Echinacea is widely regarded as an effective herbal remedy for the common cold. But research suggests that its effects may be all in the mind.
Investigators at the University of Virginia Medical School found that the herbal product did not have any "detectable effect" for treating the common cold.
"The results of this study demonstrate that extracts of (echinacea), either alone or in combination, do not have clinically significant effects on infection with a rhinovirus or on the clinical illness that results from it," concludes the study, published in the New England Journal of Medicine.
Dr. Ronald Turner and colleagues studied 399 volunteer participants to analyze if any of three different types of echinacea helped treat or prevent rhinovirus type 39. This virus is associated with the common cold, and all volunteers were susceptible to it. The volunteers received either a placebo ("sugar pill") or echinacea three times a day. They were then inoculated with the cold virus and again received either echinacea or a placebo.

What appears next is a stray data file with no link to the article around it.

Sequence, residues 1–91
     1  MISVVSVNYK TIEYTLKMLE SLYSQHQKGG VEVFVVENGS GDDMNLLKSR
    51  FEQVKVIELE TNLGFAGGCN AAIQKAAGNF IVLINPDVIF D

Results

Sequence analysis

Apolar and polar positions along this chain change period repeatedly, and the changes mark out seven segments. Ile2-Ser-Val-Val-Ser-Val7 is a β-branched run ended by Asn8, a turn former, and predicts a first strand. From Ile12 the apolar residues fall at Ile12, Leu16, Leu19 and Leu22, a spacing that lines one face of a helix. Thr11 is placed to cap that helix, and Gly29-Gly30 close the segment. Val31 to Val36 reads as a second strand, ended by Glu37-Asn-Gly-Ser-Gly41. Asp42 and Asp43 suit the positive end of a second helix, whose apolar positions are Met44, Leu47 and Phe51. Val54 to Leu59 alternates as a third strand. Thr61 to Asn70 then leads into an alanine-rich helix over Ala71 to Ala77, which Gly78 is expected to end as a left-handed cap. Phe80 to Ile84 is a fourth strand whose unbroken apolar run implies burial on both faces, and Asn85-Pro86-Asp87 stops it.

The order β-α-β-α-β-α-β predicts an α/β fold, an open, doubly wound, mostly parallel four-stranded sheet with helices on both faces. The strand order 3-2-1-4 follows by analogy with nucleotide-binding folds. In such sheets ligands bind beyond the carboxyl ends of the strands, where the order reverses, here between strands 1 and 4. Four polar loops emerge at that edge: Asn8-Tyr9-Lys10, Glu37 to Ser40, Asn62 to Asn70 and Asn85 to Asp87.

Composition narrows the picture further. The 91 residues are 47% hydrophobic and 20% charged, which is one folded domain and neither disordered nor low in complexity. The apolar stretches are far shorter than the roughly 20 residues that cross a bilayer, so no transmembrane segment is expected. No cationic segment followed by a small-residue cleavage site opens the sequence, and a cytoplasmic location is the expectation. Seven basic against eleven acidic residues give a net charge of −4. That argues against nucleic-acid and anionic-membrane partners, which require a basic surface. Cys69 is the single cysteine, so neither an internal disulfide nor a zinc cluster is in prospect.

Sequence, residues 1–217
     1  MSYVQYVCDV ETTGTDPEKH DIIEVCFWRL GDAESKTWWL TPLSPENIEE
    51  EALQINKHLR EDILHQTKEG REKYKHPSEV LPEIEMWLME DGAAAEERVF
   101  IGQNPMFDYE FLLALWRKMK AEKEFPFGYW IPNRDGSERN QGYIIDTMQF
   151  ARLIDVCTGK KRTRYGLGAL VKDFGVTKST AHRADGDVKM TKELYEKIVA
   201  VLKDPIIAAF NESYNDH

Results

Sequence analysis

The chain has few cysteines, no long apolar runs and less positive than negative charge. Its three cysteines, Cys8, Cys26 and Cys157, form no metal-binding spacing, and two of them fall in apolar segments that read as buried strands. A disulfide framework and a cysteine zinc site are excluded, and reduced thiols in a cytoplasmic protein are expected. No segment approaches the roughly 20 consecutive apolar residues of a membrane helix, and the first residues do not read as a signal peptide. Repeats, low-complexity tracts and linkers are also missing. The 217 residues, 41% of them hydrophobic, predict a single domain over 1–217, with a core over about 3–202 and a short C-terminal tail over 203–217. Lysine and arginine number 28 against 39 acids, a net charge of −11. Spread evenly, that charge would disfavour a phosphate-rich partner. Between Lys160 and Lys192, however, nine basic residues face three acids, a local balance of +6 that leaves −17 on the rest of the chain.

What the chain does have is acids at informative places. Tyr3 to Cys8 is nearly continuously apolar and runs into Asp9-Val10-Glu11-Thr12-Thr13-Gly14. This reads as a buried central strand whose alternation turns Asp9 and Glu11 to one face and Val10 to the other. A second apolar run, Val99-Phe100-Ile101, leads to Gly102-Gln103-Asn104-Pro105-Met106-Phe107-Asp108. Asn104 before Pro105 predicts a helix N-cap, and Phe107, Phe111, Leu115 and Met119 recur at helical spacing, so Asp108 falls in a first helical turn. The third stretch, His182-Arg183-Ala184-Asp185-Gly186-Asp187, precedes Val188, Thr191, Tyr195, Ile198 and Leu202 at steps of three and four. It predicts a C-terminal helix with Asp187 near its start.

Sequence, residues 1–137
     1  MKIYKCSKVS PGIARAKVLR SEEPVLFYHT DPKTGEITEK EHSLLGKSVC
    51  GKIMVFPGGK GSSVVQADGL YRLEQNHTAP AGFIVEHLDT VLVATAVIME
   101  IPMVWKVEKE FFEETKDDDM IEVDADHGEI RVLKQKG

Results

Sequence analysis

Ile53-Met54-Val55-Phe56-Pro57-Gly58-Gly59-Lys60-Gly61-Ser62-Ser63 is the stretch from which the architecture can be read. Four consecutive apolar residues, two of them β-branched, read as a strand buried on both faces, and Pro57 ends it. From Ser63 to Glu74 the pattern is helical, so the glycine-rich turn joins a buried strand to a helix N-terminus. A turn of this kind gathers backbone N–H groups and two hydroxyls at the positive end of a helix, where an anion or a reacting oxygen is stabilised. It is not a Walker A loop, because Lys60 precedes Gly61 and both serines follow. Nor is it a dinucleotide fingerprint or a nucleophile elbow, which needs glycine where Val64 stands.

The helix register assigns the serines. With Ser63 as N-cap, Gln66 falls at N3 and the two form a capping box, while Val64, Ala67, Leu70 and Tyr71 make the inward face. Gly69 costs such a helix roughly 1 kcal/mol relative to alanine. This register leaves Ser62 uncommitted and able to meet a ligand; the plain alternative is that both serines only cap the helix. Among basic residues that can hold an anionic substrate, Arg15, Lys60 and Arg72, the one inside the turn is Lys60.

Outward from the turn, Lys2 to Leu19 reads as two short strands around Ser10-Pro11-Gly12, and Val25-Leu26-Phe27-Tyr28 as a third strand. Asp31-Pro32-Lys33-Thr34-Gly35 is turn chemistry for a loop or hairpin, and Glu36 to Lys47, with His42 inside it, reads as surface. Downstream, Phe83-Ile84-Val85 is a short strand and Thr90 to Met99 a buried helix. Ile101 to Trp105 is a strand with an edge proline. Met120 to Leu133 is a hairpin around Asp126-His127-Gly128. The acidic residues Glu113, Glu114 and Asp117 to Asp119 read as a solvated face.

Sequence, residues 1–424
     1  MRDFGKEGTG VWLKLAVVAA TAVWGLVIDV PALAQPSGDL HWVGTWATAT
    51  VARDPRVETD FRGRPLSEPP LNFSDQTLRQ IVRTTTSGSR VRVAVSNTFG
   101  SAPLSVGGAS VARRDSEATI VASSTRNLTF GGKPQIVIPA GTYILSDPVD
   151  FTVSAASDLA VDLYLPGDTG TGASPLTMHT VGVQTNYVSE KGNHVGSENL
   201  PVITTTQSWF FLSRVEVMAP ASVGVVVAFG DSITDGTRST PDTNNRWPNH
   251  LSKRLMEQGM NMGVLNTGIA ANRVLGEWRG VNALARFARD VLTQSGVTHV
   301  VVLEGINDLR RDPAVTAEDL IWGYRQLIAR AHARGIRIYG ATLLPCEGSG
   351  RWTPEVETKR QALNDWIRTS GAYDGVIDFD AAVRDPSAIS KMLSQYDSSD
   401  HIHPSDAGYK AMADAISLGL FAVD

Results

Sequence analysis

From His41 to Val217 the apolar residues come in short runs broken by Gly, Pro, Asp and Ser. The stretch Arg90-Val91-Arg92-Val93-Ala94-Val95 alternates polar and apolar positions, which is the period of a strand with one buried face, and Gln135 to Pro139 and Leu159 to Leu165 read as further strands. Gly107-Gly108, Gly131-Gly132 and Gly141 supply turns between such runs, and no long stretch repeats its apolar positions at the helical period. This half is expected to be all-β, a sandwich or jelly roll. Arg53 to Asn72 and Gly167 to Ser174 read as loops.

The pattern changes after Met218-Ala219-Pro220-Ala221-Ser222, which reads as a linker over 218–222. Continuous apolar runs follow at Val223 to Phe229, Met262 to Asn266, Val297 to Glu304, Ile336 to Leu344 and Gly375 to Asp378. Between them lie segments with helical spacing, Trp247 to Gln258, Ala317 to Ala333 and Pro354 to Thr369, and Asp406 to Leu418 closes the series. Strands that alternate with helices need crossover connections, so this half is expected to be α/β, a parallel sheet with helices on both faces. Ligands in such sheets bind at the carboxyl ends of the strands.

Results showed the echinacea preparations, endorsed by many groups - including the World Health Organization - as a viable cold treatment, weren't any more effective than the placebo.
"There were no statistically significant effects of the three echinacea extracts on rates of infection or severity of symptoms," states the study, which was funded by the National Center for Complementary and Alternative Medicine of the National Institute of Health, an American government agency.
In an editorial that accompanied the journal article, Dr. Wallace Sampson, editor of the Scientific Review of Alternative Medicine, noted the thoroughness of the study and concluded that "unless some obscure protocol violation occurred, the trial results are real." He also noted that previous studies on echinacea "were of small, inadequately controlled European studies sponsored by industry."
Though no benefits in terms of prevention or treatment were found, the study authors did not entirely write off echinacea. "Given the great variety of echinacea preparations, it will be difficult to provide conclusive evidence that echinacea has no role in the treatment of the common cold," the researchers state. "Our study, however, adds to the accumulating evidence that suggests that the burden of proof should lie with those who advocate this treatment."
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